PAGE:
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Making way for migratory birds in the St. Mary's
Midwest Region, November 14, 2016
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Three Shores Cooperative Invasive Species Management Area staff worked with the Sault Tribe to help remove invasive non-native cattails and European frog-bit.
Three Shores Cooperative Invasive Species Management Area staff worked with the Sault Tribe to help remove invasive non-native cattails and European frog-bit. - Photo Credit: Christie Deloria/USFWS
The cattail harvester gets ready to cut an invasive cattail stand.
The cattail harvester gets ready to cut an invasive cattail stand. - Photo Credit: Christie Deloria/USFWS

In 2014, the Service's Coastal Program awarded funding to the Inland Fish and Wildlife Department of the Sault Ste. Marie Tribe of Chippewa Indians to control invasive species in coastal marshes along the St. Mary’s River in Michigan. The project started as a result of a tribal member expressing concern over the decrease in waterfowl hunting opportunities in the St. Mary’s area over the past few decades. The Inland Fish and Wildlife Department investigated migratory bird use of the area and began identifying strategic management efforts to restore the wetlands and control the invasive plant species that had spread throughout the coastal wetland complex. Through a network of collaborations including Loyola University Chicago, Boise State University, Oregon State University, Dartmouth College and Three Shores Cooperative Invasive Species Management Area, the department has designed a hybrid cattail (Typha x glauca) control program that shares labor, equipment and expertise among the partners.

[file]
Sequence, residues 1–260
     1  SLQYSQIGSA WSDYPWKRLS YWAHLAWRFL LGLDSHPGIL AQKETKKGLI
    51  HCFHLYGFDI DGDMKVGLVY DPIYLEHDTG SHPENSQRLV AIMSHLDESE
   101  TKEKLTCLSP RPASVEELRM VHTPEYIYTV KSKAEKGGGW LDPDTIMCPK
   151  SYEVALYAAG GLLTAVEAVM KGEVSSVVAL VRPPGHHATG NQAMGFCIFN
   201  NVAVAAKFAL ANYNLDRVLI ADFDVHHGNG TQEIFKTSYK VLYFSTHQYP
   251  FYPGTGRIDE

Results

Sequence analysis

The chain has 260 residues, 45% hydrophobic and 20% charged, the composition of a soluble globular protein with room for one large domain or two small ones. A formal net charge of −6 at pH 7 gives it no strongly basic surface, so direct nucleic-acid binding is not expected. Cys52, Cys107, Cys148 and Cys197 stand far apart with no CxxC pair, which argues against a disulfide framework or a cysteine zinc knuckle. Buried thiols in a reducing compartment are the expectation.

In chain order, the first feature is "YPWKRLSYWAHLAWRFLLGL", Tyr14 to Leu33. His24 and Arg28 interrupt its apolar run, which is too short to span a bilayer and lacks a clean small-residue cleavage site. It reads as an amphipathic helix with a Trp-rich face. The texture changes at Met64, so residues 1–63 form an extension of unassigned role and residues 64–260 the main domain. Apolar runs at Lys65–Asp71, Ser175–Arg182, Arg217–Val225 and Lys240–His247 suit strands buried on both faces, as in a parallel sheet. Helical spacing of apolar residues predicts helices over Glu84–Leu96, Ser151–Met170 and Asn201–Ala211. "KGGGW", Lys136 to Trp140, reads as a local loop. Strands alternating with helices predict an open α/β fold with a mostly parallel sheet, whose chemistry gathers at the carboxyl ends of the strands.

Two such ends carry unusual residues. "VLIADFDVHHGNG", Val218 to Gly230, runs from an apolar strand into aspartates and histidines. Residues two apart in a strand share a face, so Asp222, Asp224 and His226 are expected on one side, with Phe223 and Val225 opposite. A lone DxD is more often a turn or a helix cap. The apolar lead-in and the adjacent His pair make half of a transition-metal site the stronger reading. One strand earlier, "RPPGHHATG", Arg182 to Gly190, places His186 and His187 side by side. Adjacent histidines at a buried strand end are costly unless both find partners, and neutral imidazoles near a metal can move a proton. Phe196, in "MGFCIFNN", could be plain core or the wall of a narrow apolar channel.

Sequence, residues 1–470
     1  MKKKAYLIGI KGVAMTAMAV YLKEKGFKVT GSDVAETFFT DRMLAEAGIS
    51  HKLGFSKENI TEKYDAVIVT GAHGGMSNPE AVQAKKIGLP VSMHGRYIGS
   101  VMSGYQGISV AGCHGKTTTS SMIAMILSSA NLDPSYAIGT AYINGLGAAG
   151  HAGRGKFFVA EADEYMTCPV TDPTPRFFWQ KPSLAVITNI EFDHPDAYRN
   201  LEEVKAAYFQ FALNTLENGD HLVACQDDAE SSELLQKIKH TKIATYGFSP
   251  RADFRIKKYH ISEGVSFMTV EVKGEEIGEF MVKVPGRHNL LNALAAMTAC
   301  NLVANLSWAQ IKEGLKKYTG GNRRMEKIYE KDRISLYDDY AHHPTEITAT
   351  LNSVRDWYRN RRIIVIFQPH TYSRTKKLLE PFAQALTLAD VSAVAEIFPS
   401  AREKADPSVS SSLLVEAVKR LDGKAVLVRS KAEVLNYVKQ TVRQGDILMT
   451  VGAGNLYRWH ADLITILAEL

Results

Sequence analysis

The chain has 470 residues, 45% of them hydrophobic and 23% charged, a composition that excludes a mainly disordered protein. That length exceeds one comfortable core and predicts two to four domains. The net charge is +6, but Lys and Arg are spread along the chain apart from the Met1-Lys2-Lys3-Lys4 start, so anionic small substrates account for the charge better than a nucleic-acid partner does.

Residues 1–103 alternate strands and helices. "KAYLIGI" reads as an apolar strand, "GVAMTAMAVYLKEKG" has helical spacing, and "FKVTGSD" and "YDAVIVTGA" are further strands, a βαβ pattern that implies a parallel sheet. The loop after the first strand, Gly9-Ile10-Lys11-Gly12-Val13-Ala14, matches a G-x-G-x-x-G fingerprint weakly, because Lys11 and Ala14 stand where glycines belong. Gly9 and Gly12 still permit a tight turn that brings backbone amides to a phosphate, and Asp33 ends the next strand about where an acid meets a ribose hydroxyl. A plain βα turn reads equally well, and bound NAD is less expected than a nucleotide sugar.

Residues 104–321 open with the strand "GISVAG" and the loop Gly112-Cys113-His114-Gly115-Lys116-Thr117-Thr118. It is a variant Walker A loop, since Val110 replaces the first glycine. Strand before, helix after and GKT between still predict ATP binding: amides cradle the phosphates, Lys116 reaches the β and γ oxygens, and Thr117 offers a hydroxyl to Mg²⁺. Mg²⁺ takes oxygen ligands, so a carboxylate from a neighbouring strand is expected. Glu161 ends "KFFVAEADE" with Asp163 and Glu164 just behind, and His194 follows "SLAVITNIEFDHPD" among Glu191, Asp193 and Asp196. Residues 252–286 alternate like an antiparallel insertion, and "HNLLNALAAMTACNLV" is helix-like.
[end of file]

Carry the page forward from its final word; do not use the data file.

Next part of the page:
So far, more than 65 acres have been treated for invasive plant species, including purple loosestrife, hybrid cattail and phragmites. Inland Fish and Wildlife Department staff have removed 440 33-gallon trash bags of purple loosestrife across 53 acres of coastal marsh bordering the St. Mary’s River. Through unique manipulations and management methods, the department and partners were able to identify a better approach for removing invasive cattails. Project partners used a cattail harvester to mechanically remove the cattail stands. Experimental testing was conducted on young cattail stands by cutting the stands at varying heights to investigate harvesting effects. The project partners also mapped the locations of invasive species in early summer 2016 to focus efforts on recently invaded wetlands and maximize the amount of area treated during the project.

The Inland Fish and Wildlife Department grew 4,216 hard stem bulrush (Schoenoplectus acutus) plants to plant in areas where the cattail harvester removed hybrid cattails. In addition, a native plant nursery delivered another 9,240 hard stem bulrush plants to the Sault Ste. Marie Tribe this fall. These plants were transplanted with the plants grown by the department. Over the coming years, staff will continue to monitor migratory bird use of the wetlands to evaluate the effectiveness of invasive plant treatments, identify areas of importance to wildlife and focus future restoration efforts.


Contact Info: Dawn Marsh, 906-226-1212, dawn_marsh@fws.gov
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